Tiny bits of plastic are turning up in grocery-store oysters, fish larvae, even Arctic ice cores.
“The bottom line is they’re very small particles, but they have an impact on larger animals right up the food chain,” Esther Anna Gies, a marine biologist who researches ocean pollution with the Vancouver Aquarium, said.
“And microplastics are everywhere.”
Speaking at the Kay Centre on June 8, World Oceans Day, Gies gave a Gwaii Haanas talk called Understanding Microplastics: From Land to Sea.
Microplastics—any plastic fibres, bits, or beads smaller than half a pinky fingernail—are one of several pollutants that Gies and her colleagues have started tracking in mussels and underwater sediments at seven sites around Haida Gwaii, and dozens more along the B.C. coast.
One study found that microplastics can absorb toxins such as flame retardants or PCBs, then leach those toxins into fish.
Another found that when larval perch swim among tiny bits of polystyrene, or Styrofoam, they tend to eat it instead of zooplankton—a strange diet that makes them less active and oblivious to predators.
Researchers also discovered that when zooplankton eat microplastics, much of it ends up in their poop. Buoyed by the microplastics inside, the feces doesn’t sink as it normally does into the water column, where it usually nourishes algae and bacteria.
“It could have an impact on the whole food web,” said Gies.
Still another study found that viruses and bacteria like to grow on the surface of microplastics because like all plastics, they tend to repel water, making their surface easy for microbes to cling to.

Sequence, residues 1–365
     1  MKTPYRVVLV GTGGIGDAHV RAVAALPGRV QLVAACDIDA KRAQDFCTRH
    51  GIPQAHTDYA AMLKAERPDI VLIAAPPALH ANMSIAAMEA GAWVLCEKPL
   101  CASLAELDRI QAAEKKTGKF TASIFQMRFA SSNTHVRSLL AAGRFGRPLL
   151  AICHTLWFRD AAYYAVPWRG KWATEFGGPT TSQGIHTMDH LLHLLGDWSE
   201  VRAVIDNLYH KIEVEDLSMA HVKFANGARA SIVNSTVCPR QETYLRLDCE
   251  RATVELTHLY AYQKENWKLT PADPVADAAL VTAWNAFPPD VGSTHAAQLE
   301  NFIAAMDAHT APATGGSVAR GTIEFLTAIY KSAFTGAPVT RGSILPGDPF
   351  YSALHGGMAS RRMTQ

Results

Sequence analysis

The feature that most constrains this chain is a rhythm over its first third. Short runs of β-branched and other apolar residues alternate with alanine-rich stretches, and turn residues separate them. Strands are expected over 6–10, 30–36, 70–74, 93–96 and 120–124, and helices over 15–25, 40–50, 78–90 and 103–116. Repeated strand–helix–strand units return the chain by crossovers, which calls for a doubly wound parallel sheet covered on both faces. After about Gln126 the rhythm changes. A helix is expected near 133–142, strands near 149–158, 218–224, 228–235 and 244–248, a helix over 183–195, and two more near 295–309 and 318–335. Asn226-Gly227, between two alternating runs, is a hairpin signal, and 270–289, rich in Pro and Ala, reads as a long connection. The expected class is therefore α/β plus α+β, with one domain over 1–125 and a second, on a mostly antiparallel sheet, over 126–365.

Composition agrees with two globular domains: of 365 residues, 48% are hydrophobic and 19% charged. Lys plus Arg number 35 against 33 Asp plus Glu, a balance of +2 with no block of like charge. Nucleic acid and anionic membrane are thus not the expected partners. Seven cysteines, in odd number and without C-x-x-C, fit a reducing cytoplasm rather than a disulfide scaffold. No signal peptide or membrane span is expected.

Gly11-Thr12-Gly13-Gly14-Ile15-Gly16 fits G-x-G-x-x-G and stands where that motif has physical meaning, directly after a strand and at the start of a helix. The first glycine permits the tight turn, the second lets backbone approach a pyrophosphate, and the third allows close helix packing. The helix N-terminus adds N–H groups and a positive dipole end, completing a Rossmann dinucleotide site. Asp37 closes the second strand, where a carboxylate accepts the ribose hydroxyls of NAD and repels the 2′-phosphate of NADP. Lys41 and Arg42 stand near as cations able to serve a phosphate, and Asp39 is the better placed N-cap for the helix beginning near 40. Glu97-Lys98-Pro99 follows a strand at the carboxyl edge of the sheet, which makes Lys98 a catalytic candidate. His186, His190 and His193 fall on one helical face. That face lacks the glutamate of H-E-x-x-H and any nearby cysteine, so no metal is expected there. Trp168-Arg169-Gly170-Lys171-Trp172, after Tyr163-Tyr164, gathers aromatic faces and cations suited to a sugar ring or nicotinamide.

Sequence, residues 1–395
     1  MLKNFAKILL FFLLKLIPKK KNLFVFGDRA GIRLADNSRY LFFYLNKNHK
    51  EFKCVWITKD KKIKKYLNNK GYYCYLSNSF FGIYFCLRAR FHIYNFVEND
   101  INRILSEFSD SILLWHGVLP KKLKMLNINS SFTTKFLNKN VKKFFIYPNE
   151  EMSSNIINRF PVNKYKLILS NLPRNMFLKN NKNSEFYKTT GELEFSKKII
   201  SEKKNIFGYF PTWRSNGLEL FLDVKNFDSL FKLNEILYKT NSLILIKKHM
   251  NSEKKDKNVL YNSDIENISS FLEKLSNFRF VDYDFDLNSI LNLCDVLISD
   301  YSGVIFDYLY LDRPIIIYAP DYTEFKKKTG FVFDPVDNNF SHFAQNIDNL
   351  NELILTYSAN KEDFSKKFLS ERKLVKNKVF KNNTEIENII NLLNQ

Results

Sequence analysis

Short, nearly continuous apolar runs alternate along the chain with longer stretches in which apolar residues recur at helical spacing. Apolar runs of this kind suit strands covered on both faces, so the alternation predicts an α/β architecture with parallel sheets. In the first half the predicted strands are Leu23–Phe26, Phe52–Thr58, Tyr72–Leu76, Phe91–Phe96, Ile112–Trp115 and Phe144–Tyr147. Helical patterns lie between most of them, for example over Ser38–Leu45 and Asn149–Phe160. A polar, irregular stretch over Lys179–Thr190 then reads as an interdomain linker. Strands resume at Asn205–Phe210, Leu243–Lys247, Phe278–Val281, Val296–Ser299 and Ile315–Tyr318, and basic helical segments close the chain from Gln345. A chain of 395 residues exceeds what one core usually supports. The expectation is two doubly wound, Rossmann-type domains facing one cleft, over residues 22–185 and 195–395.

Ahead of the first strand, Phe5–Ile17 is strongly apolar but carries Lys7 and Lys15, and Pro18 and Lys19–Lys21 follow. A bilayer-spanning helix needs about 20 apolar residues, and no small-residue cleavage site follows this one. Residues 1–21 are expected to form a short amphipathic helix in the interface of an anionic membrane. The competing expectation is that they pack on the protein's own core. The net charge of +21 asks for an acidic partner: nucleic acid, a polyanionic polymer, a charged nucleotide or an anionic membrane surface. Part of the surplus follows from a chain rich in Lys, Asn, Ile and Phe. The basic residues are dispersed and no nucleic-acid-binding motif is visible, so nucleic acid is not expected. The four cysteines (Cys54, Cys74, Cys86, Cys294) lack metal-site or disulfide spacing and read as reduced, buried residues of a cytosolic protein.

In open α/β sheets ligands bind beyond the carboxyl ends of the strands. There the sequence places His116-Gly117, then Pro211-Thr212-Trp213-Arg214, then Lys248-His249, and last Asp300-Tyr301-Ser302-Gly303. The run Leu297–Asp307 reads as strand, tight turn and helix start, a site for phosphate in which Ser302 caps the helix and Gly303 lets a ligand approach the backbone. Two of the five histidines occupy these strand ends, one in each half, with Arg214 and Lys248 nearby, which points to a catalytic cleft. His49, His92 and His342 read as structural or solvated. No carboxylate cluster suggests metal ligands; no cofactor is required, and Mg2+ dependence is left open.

Gies, who did her PhD in microbial genomics, said researchers are now looking to see if harmful bacteria or virus-covered microplastics might spread disease over ocean waters.
So far, Gies said no one has found a way to filter microplastics out of ocean water without also sweeping up tonnes of tiny sea creatures.
Nor has anyone found a “super bug” that can digest microplastics in anything but highly specialized lab conditions.
Given the difficulty of getting microplastic out of the ocean, much of the effort to get rid of it is focused on preventing it from getting in.
Gies pointed out that similar efforts have worked before.
In 1989, regulations on the effluent of B.C. pulp mills led to a 95 per cent drop in dioxins—a highly toxic and persistent chemical compound.
In the Lower Mainland, the Vancouver Aquarium is working with wastewater treatment operators to try and develop filters that stop microplastics from getting into the ocean.
By 2019, Canada has proposed to ban the sale of household products with microbeads less than 2 mm—the little polystyrene beads are often found in facial scrubs, toothpastes and shampoos.
Just one shower with a shampoo full of microbeads can release up to 1,900 of the tiny plastic particles.
Microplastics also find their way to the ocean via household washing machines, which rinse away lots of lint containing tiny rayon, nylon, and other fibres from synthetic fabric.
While it seems most microplastics concentrate close to urban areas along the B.C. coast, Gies said they do get swept up by currents—one surprising hotspot is in Queen Charlotte Sound.
Each of the world’s five oceans now has a concentrated gyre of micro- and macroplastics—the largest, in the north Pacific, is about the size of Texas.
With about 350 million pounds of plastic today, by 2050 the oceans could have more pounds of plastic than fish if nothing is done to change course.
Sounding an optimistic note, Gies pointed out that anyone who cleans big, visible macroplastics off the Haida Gwaii shoreline can do a lot of good.
“If you pick up a large plastic item off a shoreline, you make a contribution,” she said, noting that over time, all those buoys, bottles and synthetic ropes would otherwise shed or break up into millions of microplastics.
Gies also noted that when it comes to plastics in the ocean, many of the worst offenders—cigarette filters, food containers, bottles and caps—come from single-use items that shoppers can avoid.